Yeast is the activator of the bread story. It is available in several different forms but dry (sometimes called instant) yeast is the norm. Whatever form is used, freshness is the key to quality and so watch the expiration dates closely and if you are using dry yeast, keep it in the freezer.
Yeast provides the source of the carbon dioxide (through fermentation) which is what makes the bread rise.
Yeast is the main source of flavour and aroma and thus essentially, makes bread 'bready'.
Yeast determines the speed of dough maturity and aids with the conditioning of the dough.
THE BAKER'S TIP: "Dough condition refers to the dough's 'ripeness'. If you think of the dough as a piece of fruit, if it hasn't enough yeast or the yeast hasn't been allowed enough time to activate, then the dough will be hard and bitter. With enough time, there will come a point when the dough is perfect and flavoursome and if you go past that and leave the yeast to ferment too long or if you've used too much yeast, your dough will be very soft and start to taste bad."
Water provides the hydration for the bread and so it's always important to put enough in. A dry dough will not be successful. In particular:
Water makes the dough consistent and disperses the ingredients evenly.
Water controls the finished dough temperature. The issues around controlling the dough temperature will be explored more fully later in the lesson on Method, suffice to say that the easiest way to manipulate the dough temperature is by controlling the water temperature.
THE BAKER'S TIP: "On average your bread will have a water content of around 60 to 70% of your flour weight (600 to 700 ml per kg of flour). If you are using machinery to mix your dough, it's likely that the percentage will be down around 60%, if you are mixing by hand, it'll probably be around 70% and rustic loaves with large bubbles of air (like ciabatta) can have a water content as high as 85%! The reason that you get larger air bubbles in higher water content dough is because the slacker the dough is, the more yeast activity will occur..."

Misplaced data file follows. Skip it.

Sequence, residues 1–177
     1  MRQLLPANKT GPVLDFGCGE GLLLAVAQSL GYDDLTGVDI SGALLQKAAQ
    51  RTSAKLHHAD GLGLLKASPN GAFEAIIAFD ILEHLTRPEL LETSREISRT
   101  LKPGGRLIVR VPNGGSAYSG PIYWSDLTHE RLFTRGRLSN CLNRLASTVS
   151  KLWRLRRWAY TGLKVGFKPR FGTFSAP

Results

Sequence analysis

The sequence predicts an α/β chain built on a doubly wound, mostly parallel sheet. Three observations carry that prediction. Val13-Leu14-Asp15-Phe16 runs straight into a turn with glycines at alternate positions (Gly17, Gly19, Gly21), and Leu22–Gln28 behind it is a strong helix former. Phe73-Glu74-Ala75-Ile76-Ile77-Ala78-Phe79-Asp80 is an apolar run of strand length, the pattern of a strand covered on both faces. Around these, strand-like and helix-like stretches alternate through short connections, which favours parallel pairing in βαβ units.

Other Common Ingredients
As well as the BIG 5 ingredients listed above, there are quite a few other common but optional bread ingredients. All are used to impart various qualities to the bread:
Bread improvers are a relatively new addition to bread making, being one of the chemical processes adopted as part of the post WW2 industrialisation but, at least commercially, they are so frequently used that they straddle the line between Main Ingredients and Other Common Ingredients. Prior to the massive changes that occurred in commercial bread making at that time, baking Artisan Bread, using traditional methods of pre ferments (more about them later!), was a two part process and took a minimum of 4½ hours to accomplish from start to finish.
When it was discovered that a combination of ascorbic acid (one of the main functional ingredient in all improvers) and certain other additives (like emulsifiers and conditioners) could be used to speed up the bread making process, it soon became possible to make bread in literally half the time. Commercially, bread made using an improver is usually referred to as 'instant' or 'rapid rise'. It is also possible to buy bread improvers from some supermarkets and health food stores. Lowe's brand bread improver is probably the most readily available in Australia if you want to try using an improver in your own bread.
Eggs are added to enrich the dough by increasing the protein and fat content - think brioche or panatone or other rich/special breads like Greek Easter bread (streki/tsoureki) or Jewish challah.